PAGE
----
Distraction free writing tools - 2016 edition
June 7, 2016 11:12 AM   Subscribe

This was asked back in 2008, and maybe some of the answers haven't changed since then, but I thought I'd ask. What are the best writing tools for a distraction-free experience? I'm looking primarily at hardware right now, but software is welcome too. Or hell, if pen and paper is the best, say so.

Some things that would be nice:

-Discouraging any electronic distractions - the internet and social media being the big one. But also notifications, games, apps, etc. I don't want any of it, nor do I want the temptation of it being right there.

-I'd like to be able to wake up and get started writing first thing in the morning. In bed, even. The less loading time or reason to do something else, the better. When a thought hits, it needs to be ready.

-Weeks without charge - I'm thinking 30-hour battery life minimum.

-Some sort of connectivity to my computer - USB is good and reliable. Proprietary cloud services, fine, but none of them are guaranteed to last.

Some intriguing things I've come across are the Freewrite (that $499 price would need some special justification though), The Alphasmart Neo/Neo2, and the Pomera DM100. All of them seem to have their own attractions. Bluetooth keyboard + a tablet or smartphone is a possibility too, though that might edge closer to distraction, temptation, and fussiness.
posted by naju to Writing & Language (5 answers total) 11 users marked this as a favorite
Get a laptop and remove the wireless card. It won't be able to access internet. You could install a minimal linux distro so distractions could be further reduced.

I use pen and paper. It's the best way for me to get words out, but typing it up is a pain... even so there's no substitute for -zero- electronics.

The problem with those dedicated writing computers is the problems you might face using it, fixing any issues you have with it can be a distraction. With pen and paper if you have a problem you just cross it out and move on. No extra thought is required.

Paper's life is measured in centuries, not hours.
Paper connects to your computer through a digital interface.
Any notification you receive on paper will take days to send/receive so few will need to be bothered with.

I recommend Pentel Energel inks, they can be modified to fit luxury pens and offer an almost perfect glide.
posted by FallowKing at 11:44 AM on June 7, 2016 [5 favorites]

A review of the Freewrite written on a Freewrite. - via BoingBoing
posted by fairmettle at 11:55 AM on June 7, 2016

I use Ulysses on my IPad mini with Logitech keyboard. Yes, I know it's an iPad mini, but I don't have many apps on it. I also turn off all notifications on it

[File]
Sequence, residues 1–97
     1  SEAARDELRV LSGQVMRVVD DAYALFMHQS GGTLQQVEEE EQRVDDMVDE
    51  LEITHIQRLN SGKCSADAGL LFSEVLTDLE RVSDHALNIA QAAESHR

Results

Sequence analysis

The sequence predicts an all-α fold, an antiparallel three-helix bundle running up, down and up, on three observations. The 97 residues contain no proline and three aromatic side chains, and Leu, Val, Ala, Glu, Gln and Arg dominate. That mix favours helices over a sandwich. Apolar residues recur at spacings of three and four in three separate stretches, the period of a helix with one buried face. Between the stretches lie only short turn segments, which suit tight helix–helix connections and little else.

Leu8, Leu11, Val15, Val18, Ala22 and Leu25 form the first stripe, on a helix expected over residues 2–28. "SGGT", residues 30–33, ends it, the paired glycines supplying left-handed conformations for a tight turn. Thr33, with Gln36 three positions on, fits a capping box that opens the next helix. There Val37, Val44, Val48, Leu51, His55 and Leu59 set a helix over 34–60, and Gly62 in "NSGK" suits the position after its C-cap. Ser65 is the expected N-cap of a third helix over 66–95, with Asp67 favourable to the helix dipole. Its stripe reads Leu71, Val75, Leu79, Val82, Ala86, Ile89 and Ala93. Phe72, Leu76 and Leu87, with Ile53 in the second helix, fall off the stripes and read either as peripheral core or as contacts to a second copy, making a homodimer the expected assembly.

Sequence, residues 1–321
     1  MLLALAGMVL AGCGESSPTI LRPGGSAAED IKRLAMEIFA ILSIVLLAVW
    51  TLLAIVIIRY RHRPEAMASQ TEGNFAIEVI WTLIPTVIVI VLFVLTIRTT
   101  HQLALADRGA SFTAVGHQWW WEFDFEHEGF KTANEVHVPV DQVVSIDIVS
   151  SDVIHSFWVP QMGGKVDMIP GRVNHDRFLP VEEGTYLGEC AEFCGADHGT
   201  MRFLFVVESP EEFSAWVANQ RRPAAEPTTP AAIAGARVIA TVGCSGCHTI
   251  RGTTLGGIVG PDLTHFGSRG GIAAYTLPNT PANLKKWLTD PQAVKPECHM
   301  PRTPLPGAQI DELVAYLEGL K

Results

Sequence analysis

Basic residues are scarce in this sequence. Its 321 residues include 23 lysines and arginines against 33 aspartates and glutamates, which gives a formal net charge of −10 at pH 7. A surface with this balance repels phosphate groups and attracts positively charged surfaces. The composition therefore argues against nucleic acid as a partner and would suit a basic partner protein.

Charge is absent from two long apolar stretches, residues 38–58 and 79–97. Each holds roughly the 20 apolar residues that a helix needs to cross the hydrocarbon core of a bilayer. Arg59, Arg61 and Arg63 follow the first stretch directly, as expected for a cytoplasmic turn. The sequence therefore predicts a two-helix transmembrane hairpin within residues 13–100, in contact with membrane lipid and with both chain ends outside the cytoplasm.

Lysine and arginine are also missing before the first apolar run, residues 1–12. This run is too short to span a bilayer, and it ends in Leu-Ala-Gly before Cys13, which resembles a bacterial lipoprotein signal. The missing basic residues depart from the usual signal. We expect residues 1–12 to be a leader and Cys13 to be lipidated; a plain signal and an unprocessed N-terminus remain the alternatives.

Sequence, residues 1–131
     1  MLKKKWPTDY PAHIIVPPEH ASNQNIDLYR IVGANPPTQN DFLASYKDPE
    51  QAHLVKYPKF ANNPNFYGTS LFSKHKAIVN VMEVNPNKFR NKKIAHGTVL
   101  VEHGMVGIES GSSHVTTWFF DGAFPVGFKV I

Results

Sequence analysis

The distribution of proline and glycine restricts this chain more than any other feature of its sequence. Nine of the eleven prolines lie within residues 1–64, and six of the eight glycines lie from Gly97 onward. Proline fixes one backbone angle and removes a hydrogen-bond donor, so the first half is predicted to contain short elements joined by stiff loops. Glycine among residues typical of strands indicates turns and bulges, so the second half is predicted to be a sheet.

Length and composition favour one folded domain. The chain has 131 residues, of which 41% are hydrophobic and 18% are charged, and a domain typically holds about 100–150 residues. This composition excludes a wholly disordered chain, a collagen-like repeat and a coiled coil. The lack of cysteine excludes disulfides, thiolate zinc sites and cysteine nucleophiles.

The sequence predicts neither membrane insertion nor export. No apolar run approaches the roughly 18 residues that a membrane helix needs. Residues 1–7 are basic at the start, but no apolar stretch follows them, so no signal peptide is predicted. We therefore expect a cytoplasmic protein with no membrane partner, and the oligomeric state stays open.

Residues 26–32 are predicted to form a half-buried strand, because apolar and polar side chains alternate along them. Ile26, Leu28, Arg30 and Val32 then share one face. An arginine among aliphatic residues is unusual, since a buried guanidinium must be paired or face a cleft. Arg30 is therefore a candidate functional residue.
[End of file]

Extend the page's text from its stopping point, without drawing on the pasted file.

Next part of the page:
Pluses for me:
Ulysses backs up to cloud automatically
iPad mini is sufficiently hard to move quickly with hands, so I can't just alt-tab to next window
Screen is small enough that I can't browse many windows at the same time. It is my distraction free writing device, as compared to my MacBook Air.
Fast start up time - instantaneous
Battery lasts for ages!
Super portable- I chuck it in my handbag without a second thought. I write everywhere. Buses, trains, a few minutes waiting for dinner...
posted by moiraine at 12:57 PM on June 7, 2016 [1 favorite]

I had an Alphasmart 3000 which I enjoyed using for a while, though the limitations of the display became annoying; I think a Neo would have been more useful. Its functionality seems similar to (or better than) the Freewrite and they're going for just $30 a pop on eBay—seems like a worthwhile first thing to try.

If you're interested in software, years ago I made a distraction free web drafting app that people still use (though its functionality, which was novel at the time, has since been replicated in fuller-featured tools).
posted by raisindebt at 1:42 PM on June 7, 2016 [1 favorite]

Alphasmart Neo2 is a godsend. I have two of them for no good reason. Battery life: I got my first one in 2011 and the second in 2012 and both are still on their original crappy double As that came with them. Connects by USB as a keyboard and when you hit Send it literally types your stuff into whatever window is active on your computer. It's a great little thing if you need to get a draft out and you prefer typing. It's awful for editing and that's a feature not a bug.

The Freewrite is a pointlessly expensive alternative. I don't know anything about the Pomera.

For me though, what worked and worked like you would not believe was a voice recorder and a version of Dragon that does transcription from MP3. I carry the thing wherever I want and talk into it like a loon in public. When I want to knuckle down I pace my home and dictate and an hour later I'm four or five thousand words deeper into whatever I'm working on. Mine is rechargeable via USB and as I'm always transcribing the battery is never an issue but I think it's good for twenty or thirty hours at least.
posted by Sternmeyer at 1:54 PM on June 7, 2016 [1 favorite]

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